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The Khmer Rouge survivor who forgave his family's killers

Sokreaksa Himm shook hands with the killers of his parents and siblings after he became a Christian

Sokreaksa Himm (right), a survivor of the Khmer Rouge massacre meets a former member of a death squad that killed his parents and siblings in this file image

Sokreaksa Himm (right), a survivor of the Khmer Rouge massacre meets a former member of a death squad that killed his parents and siblings in this file image. (Photo: Golden Apple Silver Setting)

Published: March 15, 2023 09:47 AM GMT

Updated: March 15, 2023 09:59 AM GMT

It’s been an extremely long and painful journey to learn how to forgive the unforgivable, says a Christian who survived Cambodia’s Khmer Rouge and witnessed the massacre of his family by the genocidal regime.

“Please note that what I am sharing with you is not a formula or theory of forgiveness — it is simply my personal experience of learning how to forgive,” said Sokreaksa Himm, 59, a Cambodian-born Canadian citizen.

Himm shared his “unimaginable experience” with dozens of people at Faith Methodist Church in Kuching, the capital of Malaysia’s Sarawak state, the Borneo Post reported on March 11.

The session was titled “A Morning with Sokreaksa Himm: From Killing Fields to Forgiveness.”

“It took me many years to learn to overcome my struggles. The process of healing was a very long and painful journey,” he was quoted as saying.

The sharing was part of a series of sessions he led in several churches in the Christian-majority state in the Southeast Asian country.

It came more than four decades after Himm fled Cambodia after narrowly escaping death at the hands of Khmer Rouge soldiers, leaving behind 13 family members dead.

He said he was only 11 when the Khmer Rouge took over their city of Siem Reap, in northwestern Cambodia, in 1975.

His family was told to pack three days’ worth of food supplies and forced to move to the countryside, where they survived for two years by working as laborers.

Things changed for the worse in 1977 when his father was arrested. He and his family members were beaten with clubs and slashed with machetes before being executed one by one, and shoved into a mass grave.

Himm said he survived the massacre miraculously. He climbed out of the grave and hid in the weeds when the soldiers left.

Then, he returned to the grave and cried — three days and nights, while taking a vow to seek revenge.

The Khmer Rouge’s murderous campaign continued, and an estimated two million people perished due to mass killings, starvation, and diseases. The regime was overthrown after Vietnam invaded Cambodia in 1979.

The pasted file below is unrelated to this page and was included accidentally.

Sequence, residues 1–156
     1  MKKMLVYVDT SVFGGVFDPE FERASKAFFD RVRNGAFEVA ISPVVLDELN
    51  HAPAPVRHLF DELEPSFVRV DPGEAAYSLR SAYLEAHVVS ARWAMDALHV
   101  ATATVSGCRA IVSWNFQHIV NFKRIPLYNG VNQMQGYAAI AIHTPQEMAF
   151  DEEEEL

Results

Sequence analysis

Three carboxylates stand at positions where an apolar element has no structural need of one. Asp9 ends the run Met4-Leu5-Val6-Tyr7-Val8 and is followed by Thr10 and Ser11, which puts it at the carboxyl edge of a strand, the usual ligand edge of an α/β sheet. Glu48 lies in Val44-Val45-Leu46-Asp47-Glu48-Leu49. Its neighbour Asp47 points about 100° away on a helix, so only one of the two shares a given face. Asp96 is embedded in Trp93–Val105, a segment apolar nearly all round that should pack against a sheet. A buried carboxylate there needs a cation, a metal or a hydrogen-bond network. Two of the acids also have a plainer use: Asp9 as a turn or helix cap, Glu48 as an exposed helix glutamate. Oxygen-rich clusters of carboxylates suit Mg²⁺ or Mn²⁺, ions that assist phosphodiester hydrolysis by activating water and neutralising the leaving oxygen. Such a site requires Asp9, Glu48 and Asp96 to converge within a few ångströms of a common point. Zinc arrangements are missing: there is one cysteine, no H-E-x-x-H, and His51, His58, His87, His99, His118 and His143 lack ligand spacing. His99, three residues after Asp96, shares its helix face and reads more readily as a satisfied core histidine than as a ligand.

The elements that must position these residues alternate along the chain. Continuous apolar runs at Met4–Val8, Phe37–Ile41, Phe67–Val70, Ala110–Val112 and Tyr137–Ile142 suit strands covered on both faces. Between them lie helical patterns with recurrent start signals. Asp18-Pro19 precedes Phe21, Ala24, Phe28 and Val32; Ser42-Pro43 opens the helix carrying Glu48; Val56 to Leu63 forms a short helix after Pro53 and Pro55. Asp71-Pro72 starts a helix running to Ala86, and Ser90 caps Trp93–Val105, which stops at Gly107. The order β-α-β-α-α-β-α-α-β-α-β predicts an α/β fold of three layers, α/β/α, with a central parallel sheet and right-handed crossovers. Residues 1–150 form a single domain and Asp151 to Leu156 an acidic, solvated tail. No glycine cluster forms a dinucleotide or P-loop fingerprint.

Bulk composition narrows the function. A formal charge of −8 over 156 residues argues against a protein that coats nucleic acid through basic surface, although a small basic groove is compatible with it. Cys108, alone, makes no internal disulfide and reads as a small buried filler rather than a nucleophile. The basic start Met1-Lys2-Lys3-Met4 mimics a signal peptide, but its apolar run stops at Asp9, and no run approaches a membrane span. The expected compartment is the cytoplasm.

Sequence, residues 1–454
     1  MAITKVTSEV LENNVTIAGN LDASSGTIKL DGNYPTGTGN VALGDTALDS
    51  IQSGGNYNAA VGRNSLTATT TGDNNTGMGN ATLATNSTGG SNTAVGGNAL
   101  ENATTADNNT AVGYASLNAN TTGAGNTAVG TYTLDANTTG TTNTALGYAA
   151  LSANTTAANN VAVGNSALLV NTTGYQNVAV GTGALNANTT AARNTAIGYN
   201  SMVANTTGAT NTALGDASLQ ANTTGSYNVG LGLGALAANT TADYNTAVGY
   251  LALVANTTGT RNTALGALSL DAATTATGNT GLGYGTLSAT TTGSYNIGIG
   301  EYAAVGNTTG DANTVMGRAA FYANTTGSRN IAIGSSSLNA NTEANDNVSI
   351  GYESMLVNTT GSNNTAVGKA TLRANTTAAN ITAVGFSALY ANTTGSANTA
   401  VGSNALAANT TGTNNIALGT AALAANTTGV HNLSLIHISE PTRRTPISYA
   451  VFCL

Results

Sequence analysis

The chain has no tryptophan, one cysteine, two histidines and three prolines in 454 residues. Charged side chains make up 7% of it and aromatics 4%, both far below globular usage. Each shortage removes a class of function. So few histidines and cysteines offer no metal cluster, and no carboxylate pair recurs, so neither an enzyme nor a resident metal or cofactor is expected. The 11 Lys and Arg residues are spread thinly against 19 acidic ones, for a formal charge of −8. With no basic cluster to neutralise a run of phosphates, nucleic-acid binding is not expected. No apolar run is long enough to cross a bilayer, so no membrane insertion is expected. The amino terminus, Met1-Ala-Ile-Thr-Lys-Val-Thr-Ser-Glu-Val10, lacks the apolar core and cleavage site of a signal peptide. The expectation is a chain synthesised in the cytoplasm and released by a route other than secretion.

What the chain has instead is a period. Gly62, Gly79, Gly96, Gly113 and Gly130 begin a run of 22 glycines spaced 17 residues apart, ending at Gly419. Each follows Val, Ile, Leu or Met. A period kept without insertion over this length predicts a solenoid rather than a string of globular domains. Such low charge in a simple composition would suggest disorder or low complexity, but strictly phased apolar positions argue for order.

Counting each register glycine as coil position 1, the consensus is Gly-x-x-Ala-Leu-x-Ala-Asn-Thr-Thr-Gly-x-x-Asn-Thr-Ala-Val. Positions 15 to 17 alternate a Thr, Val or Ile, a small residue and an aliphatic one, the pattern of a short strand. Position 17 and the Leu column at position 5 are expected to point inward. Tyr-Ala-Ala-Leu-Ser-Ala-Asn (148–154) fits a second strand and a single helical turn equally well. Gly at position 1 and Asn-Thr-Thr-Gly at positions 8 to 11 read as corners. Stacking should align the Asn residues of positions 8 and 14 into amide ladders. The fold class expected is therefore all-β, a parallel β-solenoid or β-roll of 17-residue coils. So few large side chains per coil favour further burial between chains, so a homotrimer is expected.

Himm returned to the city to live with his aunt, but his life became miserable as he suffered from mental illness, such as post-traumatic stress disorder.   

He continued his education and then joined the police force, largely to fulfill his promise of avenging the killing of his family members.

However, his plan did not materialize, and he was forced to flee to Thailand through jungles littered with mines from the civil war. He spent five years in a refugee camp before he moved to Canada.

He became a Christian in Canada after he “found faith in Christ.”  

His conversion to Christianity became a life-changing event “that gave him a whole new reason to seek the murderers: to forgive them,” according to his testimony to the Forgiveness Project, a charity that collects and shares stories from both victims/survivors and perpetrators of crime and conflict who have rebuilt their lives following hurt and trauma.

He said that through years of Bible study and communion with God, he started a new life but could not release himself from “the prison of hatred, anger, and vengeance.”

Slowly he started realizing that “forgiveness truly is divine” and so he had to find a way of forgiving those who killed his parents and siblings “before the bitterness inside destroyed me.”

“If you’ve been deeply hurt, it isn’t easy to forgive but we can learn a lesson from Jesus, who forgave those who crucified him,” he said in his testimony.

This was the beginning of his new mission. He did not just forgive those he hated, but he started traveling around the world to share his story. Kuching was his third such trip.

“I share my story hoping that people will learn from my experience, as a motivation for them to heal from their own hurt.

“I hope my story will impact their lives and they will be able to move on from there,” said the father of two.

He also visited Cambodia where he funded the building of schools and churches and offered training to local leaders.

He even located and met with two of the former Khmer Rouge soldiers who were involved in the killing of his family members.

Many people thought he would take his revenge when they first heard about the planned meeting.

“To the surprise of the men and most of the villagers, I shook hands with the two men and forgave them,” he recalled.

He authored three books, titled "The Tears of My Soul," "After the Heavy Rain", and "Shepherd of My Soul."


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